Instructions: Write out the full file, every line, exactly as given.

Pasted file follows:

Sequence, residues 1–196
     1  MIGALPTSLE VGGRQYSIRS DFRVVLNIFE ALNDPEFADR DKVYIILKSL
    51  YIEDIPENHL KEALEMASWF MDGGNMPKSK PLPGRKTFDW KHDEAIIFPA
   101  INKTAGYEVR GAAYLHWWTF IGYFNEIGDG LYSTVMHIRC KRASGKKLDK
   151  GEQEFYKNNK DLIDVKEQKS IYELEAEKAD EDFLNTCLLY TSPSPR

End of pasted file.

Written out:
Sequence, residues 1–196
     1  MIGALPTSLE VGGRQYSIRS DFRVVLNIFE ALNDPEFADR DKVYIILKSL
    51  YIEDIPENHL KEALEMASWF MDGGNMPKSK PLPGRKTFDW KHDEAIIFPA
   101  INKTAGYEVR GAAYLHWWTF IGYFNEIGDG LYSTVMHIRC KRASGKKLDK
   151  GEQEFYKNNK DLIDVKEQKS IYELEAEKAD EDFLNTCLLY TSPSPR